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Sea Lamprey Control

Posted on behalf of Rich Greenwood <rich_greenwood@smtp2.irm.r9.fws.gov>

For Immediate Release             
April 27, 1998                    
Larry Sisk (612) 713-5110, E:mail:   Larry_Sisk@mail.fws.gov 
Gary Klar 906/226-1206, E:mail:   Gerald_Klar@mail.fws.gov
Increased Funding Critical for Sea Lamprey Control in Great Lakes 
The Canadian Federal Government has increased its support for sea
lamprey  control in the Great Lakes for Fiscal Year 1998-99 to $6
million (Canadian). This is an increase of $900,000 from last year. 
Funding for sea lamprey control is provided by both Canada and the
United States and is administered by the Great Lakes Fishery Commission
(Commission). The Commission contracts a large part of the sea lamprey
management and research program to the Department of Fisheries and
Oceans Canada (DFO) and the U. S. Fish and Wildlife Service. 
"We appreciate Canada's continued support of this vital program," said
Bill Hartwig, U.S. Fish and Wildlife Service Regional Director. 
"Control of sea lamprey is critical to the restoration of the Great
Lakes ecosystem.  We are proud to continue as a partner with the
Department of Fisheries and Oceans and others to protect the Great Lakes
Funding support comes at a critical time, as partners begin to address
the challenge of sea lamprey control on the St. Marys River.  This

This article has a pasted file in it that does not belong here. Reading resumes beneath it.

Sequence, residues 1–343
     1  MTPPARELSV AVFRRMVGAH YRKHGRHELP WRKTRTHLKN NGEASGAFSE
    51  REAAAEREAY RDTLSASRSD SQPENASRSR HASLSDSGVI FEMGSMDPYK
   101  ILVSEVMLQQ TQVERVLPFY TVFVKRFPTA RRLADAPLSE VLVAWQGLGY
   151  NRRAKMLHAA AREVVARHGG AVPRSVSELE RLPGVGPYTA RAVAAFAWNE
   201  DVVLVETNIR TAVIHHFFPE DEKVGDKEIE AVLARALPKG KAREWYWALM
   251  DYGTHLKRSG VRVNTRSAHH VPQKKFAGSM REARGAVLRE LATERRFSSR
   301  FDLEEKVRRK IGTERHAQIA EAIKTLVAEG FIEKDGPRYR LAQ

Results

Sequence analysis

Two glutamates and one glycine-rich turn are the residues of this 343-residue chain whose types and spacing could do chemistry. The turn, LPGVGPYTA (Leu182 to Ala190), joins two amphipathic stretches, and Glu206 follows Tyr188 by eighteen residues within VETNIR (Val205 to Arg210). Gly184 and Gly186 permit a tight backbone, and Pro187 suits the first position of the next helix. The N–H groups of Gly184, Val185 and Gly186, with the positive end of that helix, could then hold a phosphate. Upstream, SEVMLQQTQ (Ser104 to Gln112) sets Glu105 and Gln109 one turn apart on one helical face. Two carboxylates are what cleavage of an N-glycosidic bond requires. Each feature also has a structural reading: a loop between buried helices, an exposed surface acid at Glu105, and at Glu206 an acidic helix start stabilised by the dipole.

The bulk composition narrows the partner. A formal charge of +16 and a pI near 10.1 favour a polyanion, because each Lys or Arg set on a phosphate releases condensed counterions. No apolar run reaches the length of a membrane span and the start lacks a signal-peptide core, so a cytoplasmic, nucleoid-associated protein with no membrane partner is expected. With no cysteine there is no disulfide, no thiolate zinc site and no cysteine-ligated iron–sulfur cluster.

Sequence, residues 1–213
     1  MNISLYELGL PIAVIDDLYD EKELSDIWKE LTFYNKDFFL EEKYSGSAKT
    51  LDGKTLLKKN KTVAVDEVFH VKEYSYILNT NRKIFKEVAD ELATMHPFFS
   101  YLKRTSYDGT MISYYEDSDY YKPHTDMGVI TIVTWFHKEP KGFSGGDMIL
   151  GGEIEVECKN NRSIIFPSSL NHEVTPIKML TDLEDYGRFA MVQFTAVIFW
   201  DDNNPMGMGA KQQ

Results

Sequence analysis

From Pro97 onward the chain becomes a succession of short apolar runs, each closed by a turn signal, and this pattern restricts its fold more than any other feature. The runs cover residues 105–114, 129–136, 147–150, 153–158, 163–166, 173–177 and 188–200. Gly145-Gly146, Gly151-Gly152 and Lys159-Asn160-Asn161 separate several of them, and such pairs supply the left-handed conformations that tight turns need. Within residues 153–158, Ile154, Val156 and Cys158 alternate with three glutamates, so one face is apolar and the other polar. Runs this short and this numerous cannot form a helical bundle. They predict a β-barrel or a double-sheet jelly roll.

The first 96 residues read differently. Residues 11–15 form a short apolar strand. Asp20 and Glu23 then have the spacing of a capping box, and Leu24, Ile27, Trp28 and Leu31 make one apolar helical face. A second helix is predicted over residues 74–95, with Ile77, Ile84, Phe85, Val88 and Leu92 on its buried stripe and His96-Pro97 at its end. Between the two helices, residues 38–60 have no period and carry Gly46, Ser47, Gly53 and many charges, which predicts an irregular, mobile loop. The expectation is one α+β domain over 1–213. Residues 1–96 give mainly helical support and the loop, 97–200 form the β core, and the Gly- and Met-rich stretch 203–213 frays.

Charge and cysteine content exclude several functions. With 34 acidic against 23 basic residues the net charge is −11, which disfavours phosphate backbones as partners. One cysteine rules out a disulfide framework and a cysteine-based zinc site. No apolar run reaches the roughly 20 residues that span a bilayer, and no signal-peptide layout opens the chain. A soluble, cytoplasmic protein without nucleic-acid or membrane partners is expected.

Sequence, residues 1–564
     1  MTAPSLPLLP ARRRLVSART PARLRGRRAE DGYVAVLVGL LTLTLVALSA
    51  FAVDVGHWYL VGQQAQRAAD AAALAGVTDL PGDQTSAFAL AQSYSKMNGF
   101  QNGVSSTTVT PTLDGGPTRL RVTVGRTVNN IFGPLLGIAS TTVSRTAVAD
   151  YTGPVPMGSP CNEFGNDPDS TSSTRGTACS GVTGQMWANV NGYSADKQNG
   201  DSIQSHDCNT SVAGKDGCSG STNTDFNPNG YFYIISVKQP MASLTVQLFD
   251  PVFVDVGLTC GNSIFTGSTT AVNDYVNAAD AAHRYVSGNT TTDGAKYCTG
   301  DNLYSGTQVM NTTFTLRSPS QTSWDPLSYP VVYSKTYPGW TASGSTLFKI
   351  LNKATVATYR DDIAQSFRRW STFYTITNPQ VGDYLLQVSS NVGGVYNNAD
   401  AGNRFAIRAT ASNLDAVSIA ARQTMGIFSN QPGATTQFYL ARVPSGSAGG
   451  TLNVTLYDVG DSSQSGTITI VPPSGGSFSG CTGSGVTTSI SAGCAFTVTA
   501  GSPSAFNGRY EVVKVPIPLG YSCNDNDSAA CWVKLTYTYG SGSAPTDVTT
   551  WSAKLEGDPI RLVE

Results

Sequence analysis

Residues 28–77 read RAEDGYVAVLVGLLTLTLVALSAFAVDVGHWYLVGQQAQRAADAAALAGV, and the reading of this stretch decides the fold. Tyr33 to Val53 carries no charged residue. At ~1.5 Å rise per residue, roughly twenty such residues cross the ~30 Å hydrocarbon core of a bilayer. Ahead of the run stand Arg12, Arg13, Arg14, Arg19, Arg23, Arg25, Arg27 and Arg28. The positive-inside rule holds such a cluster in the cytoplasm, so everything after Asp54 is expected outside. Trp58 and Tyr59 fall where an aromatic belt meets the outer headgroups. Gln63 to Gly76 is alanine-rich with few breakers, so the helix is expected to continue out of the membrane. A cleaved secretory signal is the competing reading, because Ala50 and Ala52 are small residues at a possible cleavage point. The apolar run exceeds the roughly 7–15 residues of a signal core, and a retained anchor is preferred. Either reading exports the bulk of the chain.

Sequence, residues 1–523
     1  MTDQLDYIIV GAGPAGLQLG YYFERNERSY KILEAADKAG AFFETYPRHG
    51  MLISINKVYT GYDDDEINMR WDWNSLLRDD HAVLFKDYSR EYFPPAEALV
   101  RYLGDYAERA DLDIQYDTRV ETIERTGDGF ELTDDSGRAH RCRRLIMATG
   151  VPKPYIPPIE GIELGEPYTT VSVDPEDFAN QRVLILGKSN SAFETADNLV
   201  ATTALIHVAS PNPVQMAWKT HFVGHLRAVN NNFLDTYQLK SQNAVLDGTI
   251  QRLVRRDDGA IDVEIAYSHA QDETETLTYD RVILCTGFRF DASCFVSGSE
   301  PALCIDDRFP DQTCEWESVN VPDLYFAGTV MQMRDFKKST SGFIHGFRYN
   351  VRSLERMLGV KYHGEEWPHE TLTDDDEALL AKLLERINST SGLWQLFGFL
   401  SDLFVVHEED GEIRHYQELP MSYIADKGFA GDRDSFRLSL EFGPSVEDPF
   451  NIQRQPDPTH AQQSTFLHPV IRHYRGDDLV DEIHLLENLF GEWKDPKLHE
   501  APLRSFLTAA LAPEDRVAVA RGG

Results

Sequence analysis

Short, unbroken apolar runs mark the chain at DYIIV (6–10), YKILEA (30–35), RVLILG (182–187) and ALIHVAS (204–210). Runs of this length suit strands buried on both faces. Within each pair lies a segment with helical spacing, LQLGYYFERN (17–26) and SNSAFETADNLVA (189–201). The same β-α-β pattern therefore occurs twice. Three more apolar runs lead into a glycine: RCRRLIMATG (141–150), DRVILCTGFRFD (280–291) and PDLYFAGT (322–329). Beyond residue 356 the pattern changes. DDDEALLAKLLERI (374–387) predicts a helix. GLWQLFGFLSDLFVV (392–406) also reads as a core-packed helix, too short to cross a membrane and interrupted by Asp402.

system currently produces more lamprey than all Great Lakes tributaries
combined, at levels nearly as large as those before control measures
were started 40 years ago. Lake trout and whitefish stocks were
decimated by sea lamprey, each of which can destroy up to 40 pounds of
fish during the 18 months of its adult life in the lakes.  
With the increase in funds from Canada and funds provided by the State
of Michigan to supplement the effort, effective control can begin on St.
Marys River.  Control on this system is expected to reduce lamprey
populations in Lake Huron and northern Lake Michigan by 85 percent. 
Sea lamprey control began when the United States and Canada signed the
1955 Convention on Great Lakes Fisheries, which created the Great Lakes
Fishery Commission. Since then, the Commission and its agents have
carried out a highly successful sea lamprey control program that has
reduced overall lamprey populations by 90 percent. Research has led to
better formulations of lampricides and innovative techniques involving
trapping and sterile male release programs. With control, agencies take
measures to establish naturally-reproducing fish populations. Fewer
lamprey means more quality fish and fishing for years to come.